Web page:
Gowex Ex-CEO Garcia Told Court He Faked Accounts Since 2005

Photographer: Angel Navarette/Bloomberg

Former chief executive officer of Let’s Gowex SA Jenaro Garcia, right, exits after attending the National Court in Madrid, on Monday, July 14. Close

Former chief executive officer of Let’s Gowex SA Jenaro Garcia, right, exits after... Read More

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Photographer: Angel Navarette/Bloomberg

Former chief executive officer of Let’s Gowex SA Jenaro Garcia, right, exits after attending the National Court in Madrid, on Monday, July 14.

Jenaro Garcia, the disgraced former chief executive officer of Let’s Gowex SA (GOW), told a Madrid judge that he had falsified financial accounts at the Wi-Fi hotspot provider since at least 2005.

Garcia said he used front-men to create companies that acted as fictitious clients, according to a court official, who asked not to be identified citing policy. Gowex, founded in 1999, has so far said the fake accounts date back “at least” four years.

Gowex today filed voluntary insolvency proceedings, more than a week after its board accepted Garcia’s resignation as he took full responsibility for the scandal. The shares dropped 60 percent over two days after short-seller Gotham City Research LLC said July 1 Gowex was worthless because it inflated revenue. The stock has been suspended since July 3.

“The potential applicable sentence could reach at least 10 years in prison,” Judge Santiago Pedraz said in a statement. Possible charges based on Garcia’s confession could include falsifying accounts and the improper use of insider information, according to the statement.

Pedraz and Garcia left today’s meeting without addressing two dozen reporters waiting outside the national court.

Luxembourg Bank

Gowex’s fast growth -- a sevenfold increase in revenue over three years and a 10-times surge in its stock in 15 months -- is an anomaly in Spain, which has failed to foster successful technology startups with global reach. The Madrid-based company was one of the best performers in the MAB stock exchange, an alternative funding source for small companies promoted by Prime Minister Mariano Rajoy’s government.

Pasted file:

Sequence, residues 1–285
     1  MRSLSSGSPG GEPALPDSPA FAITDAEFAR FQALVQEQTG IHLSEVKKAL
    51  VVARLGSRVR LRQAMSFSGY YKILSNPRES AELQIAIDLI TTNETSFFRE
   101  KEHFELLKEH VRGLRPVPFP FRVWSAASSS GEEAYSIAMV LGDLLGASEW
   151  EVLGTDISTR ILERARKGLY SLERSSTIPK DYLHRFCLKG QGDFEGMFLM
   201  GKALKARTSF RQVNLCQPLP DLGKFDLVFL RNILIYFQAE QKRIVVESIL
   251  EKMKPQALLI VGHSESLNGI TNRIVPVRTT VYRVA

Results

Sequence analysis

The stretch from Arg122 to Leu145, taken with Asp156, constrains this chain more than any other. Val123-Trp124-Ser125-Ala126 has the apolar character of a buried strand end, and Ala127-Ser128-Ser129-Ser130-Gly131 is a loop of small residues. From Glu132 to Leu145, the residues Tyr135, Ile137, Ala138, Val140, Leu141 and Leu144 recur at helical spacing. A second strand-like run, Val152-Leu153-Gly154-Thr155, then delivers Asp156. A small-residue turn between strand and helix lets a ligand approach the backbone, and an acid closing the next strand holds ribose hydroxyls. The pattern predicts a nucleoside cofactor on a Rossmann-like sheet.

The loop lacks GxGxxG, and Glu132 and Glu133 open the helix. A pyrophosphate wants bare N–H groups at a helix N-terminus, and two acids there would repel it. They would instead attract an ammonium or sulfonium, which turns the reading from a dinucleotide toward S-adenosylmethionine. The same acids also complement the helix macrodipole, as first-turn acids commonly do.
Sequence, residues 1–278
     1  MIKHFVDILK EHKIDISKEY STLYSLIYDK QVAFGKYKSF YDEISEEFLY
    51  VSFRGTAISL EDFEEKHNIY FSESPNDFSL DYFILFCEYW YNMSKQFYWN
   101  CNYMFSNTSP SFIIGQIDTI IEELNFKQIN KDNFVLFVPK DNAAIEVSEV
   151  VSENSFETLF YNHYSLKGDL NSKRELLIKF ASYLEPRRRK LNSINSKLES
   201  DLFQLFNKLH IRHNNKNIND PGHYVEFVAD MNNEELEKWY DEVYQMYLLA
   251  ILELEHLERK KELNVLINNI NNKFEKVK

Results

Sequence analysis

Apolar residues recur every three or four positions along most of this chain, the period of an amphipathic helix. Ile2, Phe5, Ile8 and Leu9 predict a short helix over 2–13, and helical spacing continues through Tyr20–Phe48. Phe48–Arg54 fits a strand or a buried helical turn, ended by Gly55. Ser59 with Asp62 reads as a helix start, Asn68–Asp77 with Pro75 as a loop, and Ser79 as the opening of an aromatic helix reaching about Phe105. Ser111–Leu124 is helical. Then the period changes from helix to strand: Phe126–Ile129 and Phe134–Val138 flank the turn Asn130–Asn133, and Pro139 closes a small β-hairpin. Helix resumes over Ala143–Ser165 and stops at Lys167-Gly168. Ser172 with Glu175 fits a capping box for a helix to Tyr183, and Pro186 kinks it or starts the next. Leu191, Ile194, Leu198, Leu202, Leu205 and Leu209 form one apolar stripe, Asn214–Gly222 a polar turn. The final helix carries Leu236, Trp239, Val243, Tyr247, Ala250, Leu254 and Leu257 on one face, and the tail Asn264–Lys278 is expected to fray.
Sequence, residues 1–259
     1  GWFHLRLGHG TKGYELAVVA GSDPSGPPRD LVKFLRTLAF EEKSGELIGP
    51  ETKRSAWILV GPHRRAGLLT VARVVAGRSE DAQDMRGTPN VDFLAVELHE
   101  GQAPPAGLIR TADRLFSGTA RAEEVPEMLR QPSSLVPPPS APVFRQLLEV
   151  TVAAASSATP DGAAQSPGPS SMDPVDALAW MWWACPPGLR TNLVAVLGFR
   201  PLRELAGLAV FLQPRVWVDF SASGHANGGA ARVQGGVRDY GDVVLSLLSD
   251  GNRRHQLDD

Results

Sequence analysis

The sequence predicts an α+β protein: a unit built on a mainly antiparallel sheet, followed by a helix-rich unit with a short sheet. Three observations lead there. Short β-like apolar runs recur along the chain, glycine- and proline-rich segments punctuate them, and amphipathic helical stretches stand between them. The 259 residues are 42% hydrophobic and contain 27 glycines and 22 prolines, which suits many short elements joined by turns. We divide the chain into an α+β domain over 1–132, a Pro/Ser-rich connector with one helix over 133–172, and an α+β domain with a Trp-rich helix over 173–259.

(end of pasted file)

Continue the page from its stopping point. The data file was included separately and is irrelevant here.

Garcia, 46, has 15 days to put up a bail of 600,000 euros ($820,000) and must hand over his passport and report to authorities once a week, according to the judge. Garcia told Spain’s national court he has a bank account in Luxembourg with at least 3 million euros.

Garcia remains Gowex’s biggest shareholder, even after paring his holding to 47 percent during the first half of 2013, according to a July 9 filing. He holds the stock through two companies, Cash Devices SL and Biotelgy SA.

Prior to the Gotham report, Gowex said it had contracts with 91 cities to provide public Wi-Fi connections and aimed to increase the number to 600 by 2018. The company also said it provided support services for phone carriers.

New York City and Deutsche Telekom AG are among Gowex clients that have said they are looking at ways to avoid disruptions after Gowex said it faces “imminent” insolvency.

Gowex filed a preliminary creditor protection application to the Madrid commercial court last week. That would shield the company for up to four months.

Under Spanish law, when a company declares voluntary insolvency, a judge would name an overseer for the process. The judge can decide whether the administrator assumes control and runs the company or only takes a supervisory role.

To contact the reporters on this story: Rodrigo Orihuela in Madrid at rorihuela@bloomberg.net; Macarena Munoz in Madrid at mmunoz39@bloomberg.net

To contact the editors responsible for this story: Kenneth Wong at kwong11@bloomberg.net Kenneth Wong, Heather Smith

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